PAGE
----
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Cooking Up Offense

MSU opted to keep true freshman QB Damion Terry on the bench and redshirted this week, with sophomore Connor Cook apparently having seized the starting QB job. That was a surprise to the fanbase, but could ultimately be the best outcome going forward.

Someone's got to throw the 3-yard out in this offense; may as well be this guy.
Someone's got to throw the 3-yard out in this offense; may as well be this guy.
Mike Carter-USA TODAY Sports

Lost in the B1G's well-publicized faceplant against the PAC-12 and its newfangled "passing offense", and an underwhelming week in general, is the fact that MSU, after truly disheartening performances against weak opponents in the first two weeks, just may have gotten its offense on track. Albeit against another weak opponent. But still, if you watched the first two games (and all of last season), 55 points is an oasis after a long, long walk in the desert. And, like, the oasis is full of your favorite beer. Yes, I know that wouldn't help your dehydration and would actually only make it worse. Don't fight the analogy, OK?

Bottom line is, Connor Cook started Saturday's game against Youngstown State, as he was expected to. However, the offense did not continue to struggle, as perhaps it was expected to. Instead, Cook led a well-balanced attack (don't let the final run-pass split fool you, most of the 4th quarter was running to kill the clock) and capably distributed the ball to a group of receivers who, miracle of miracles, caught the catchable balls thrown their way. MSU racked up a large lead quickly, and the game was over halfway through the second quarter (as it should have been the first two weeks).

But, when Cook took a seat with the game in hand, the new man under center wasn't the nominal backup, true freshman and fan favorite Damion Terry. Instead, Tyler O'Connor took the field for mop-up duty.

The talk all week from the coaches had me convinced that they were fully prepared to give Terry his shot if it became necessary, and one way or another, playing him would have silenced the grating 'We Want Terry' chants from the students. However, in what I consider a very fortunate turn of events, Cook played well enough to let Dantonio not make that decision today.

It's probably the best thing for everyone involved if Terry doesn't have to play. Few true freshmen are ready to start at QB in Division I, and Terry becoming the starter would likely have chased out the QB options with less eligibility left than him (read: everyone except maybe Andrew Maxwell, who has no year left to sit out). There is, I suppose, an argument in the 'good riddance' vein to be made if nobody ahead of Terry could beat him, but it's a very good thing for the short- and long-term health of the program that it wasn't necessary to play the youngster.

The thing is, if Cook had repeated his performance from the first two weeks, and if O'Connor was no better, I would have been fully on board with playing Terry. I would have raged at the fact that a kid who's been on campus less than two months had somehow become our best option at the team's most important position, but if no one else could muster enough to fight off a freshman, I would have been on board for one big reason: this team has a golden chance to win big right now, and it really, really needs to be seized. This defense is too good, and this schedule too easy, to flounder to another 6- or 7-win season because of bad QB play.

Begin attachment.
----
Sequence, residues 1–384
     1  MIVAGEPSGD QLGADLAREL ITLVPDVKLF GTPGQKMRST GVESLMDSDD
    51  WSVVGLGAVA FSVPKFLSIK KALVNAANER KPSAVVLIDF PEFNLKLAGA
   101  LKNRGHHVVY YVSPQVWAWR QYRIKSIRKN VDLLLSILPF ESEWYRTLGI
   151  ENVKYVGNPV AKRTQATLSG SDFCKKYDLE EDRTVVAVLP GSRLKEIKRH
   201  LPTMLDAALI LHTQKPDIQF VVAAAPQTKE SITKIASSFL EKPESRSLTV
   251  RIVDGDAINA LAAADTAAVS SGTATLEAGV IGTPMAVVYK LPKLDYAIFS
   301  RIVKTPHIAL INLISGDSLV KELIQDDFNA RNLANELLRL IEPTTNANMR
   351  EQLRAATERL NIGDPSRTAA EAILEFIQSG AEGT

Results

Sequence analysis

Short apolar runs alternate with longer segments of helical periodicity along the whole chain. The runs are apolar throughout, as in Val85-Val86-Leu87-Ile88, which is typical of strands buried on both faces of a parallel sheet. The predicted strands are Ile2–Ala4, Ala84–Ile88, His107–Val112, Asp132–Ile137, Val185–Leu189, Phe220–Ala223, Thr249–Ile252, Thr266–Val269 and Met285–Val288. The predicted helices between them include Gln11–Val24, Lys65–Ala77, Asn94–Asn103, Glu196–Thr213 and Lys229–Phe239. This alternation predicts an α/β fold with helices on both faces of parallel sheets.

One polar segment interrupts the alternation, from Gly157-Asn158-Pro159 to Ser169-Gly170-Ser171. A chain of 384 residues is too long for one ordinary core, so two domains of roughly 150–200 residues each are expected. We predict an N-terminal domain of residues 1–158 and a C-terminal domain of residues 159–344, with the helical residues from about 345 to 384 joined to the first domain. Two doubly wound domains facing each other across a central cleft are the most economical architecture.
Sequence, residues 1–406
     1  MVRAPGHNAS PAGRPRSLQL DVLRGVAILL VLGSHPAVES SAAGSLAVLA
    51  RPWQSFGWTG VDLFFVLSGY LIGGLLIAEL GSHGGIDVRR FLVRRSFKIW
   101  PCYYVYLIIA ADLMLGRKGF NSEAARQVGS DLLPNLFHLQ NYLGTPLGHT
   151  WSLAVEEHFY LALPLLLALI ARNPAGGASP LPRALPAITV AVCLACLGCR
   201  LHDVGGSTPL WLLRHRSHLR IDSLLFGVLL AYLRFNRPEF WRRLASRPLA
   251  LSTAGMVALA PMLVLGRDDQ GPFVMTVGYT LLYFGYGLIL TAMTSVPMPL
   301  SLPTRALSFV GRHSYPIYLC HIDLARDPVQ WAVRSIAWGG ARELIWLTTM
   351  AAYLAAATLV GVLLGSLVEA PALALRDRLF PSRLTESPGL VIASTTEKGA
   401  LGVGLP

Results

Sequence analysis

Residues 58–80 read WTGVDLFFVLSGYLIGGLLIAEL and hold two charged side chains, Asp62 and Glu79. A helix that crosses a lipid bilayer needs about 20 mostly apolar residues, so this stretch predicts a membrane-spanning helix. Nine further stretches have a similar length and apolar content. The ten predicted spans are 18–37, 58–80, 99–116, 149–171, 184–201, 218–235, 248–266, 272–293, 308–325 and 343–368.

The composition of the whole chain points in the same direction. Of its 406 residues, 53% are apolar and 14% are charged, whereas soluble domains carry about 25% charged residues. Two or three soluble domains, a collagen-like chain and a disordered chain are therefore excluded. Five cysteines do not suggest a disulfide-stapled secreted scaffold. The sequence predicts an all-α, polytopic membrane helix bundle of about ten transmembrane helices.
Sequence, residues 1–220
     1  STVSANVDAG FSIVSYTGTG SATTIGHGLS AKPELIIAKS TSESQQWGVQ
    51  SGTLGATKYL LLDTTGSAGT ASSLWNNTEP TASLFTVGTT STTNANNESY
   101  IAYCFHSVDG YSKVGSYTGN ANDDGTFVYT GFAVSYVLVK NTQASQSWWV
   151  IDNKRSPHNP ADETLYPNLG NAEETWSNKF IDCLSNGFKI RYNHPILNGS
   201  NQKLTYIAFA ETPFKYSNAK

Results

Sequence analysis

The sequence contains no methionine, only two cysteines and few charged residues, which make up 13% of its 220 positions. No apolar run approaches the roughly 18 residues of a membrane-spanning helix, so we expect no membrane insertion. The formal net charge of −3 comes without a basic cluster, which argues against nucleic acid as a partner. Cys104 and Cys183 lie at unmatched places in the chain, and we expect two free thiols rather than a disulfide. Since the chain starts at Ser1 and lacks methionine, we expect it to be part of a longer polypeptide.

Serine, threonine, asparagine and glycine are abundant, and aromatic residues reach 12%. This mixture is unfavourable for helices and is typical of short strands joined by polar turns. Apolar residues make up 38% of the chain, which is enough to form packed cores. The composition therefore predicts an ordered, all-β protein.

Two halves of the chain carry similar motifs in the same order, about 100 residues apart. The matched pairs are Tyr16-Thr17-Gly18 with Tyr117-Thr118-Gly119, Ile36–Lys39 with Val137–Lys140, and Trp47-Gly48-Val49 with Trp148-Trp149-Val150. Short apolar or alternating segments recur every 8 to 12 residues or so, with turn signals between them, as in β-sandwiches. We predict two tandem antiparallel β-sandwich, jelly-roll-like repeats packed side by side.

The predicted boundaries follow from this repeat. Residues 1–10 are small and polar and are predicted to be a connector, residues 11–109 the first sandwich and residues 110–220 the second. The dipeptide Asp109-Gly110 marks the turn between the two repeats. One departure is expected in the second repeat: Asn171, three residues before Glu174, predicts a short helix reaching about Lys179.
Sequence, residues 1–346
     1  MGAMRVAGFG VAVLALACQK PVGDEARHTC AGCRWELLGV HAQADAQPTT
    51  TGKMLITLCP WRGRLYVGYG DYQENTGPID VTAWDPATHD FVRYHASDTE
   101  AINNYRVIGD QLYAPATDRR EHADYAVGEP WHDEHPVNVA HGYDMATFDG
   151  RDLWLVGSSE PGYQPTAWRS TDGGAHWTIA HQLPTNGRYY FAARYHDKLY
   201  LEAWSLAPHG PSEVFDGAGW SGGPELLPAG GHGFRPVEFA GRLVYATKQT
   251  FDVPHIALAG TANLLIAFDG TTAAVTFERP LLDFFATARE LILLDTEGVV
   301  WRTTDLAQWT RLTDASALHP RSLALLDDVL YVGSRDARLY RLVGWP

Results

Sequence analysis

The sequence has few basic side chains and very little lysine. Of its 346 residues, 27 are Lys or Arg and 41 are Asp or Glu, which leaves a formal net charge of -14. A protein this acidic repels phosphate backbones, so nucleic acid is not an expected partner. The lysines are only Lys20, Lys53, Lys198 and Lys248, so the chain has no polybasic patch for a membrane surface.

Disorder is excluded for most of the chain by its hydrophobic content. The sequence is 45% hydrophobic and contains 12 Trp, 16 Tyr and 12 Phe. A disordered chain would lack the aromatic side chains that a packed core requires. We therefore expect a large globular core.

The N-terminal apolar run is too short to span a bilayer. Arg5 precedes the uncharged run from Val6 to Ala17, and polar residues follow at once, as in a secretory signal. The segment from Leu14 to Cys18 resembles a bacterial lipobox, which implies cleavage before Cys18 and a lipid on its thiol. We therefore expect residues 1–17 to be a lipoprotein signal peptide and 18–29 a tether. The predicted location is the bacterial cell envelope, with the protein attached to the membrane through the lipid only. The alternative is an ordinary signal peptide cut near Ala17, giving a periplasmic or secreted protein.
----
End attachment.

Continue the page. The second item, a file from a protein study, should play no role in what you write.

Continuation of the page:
Which, of course, brings us to the reality check: though they're decent for FCS, Youngstown State is still an FCS team. This kind of thing is precisely what should be expected, and there will be a small increase in opponent ability when the team heads down to South Bend next week. But even if Notre Dame curb-stomps MSU, Cook's play has put Terry firmly in the 'Break in Case of Emergency' glass box.

We will almost certainly see the offensive numbers come back to earth. But the offense probably won't descend back into the subterranean depths it had reached the first two weeks of the season. What I saw on the field yesterday gives me some hope that the offense has turned a corner. You had Macgarrett Kings Jr., Aaron Burbridge, and TE Josiah Price looking like a serviceable receiving corps. You had the trio of backs running well behind a shuffled and reshuffled offensive line. One unfortunate casualty of Saturday's action is the untimely death of the #Sadler4Heisman campaign, as the studly-in-all-senses-of-the-word punter only got to ply his wares twice. And you had Cook playing a pretty good game, with only two QB runs mixed in. Finally, with the offensive skill players settled, this should be a good week of practice without any more splitting snaps amongst competitors. I'll note that I'm still not a fan of the play design in a lot of cases; this offense continues to feature too many routes short of the sticks on passing downs, and I still don't think these receivers can be counted on to turn a 2-yard completion into a 10-yard gain against competent defensive backs, which appears to be the idea behind these routes.

This time last week, I had written off the Notre Dame game as a loss. After the way they've played the last couple of weeks, maybe I spoke too soon. My head still tells me we'll probably lose, but I'm far less certain of that than I was Saturday morning. This offense obviously isn't 55 points worth of good. But that was never the goal. All that was needed, we thought all offseason, was an average offense. Hell, a below-average offense, paired with this defense, would probably win 9 games. Even accounting for strength of opposition, this offense just might turn out to be average after all. #TeamSunshine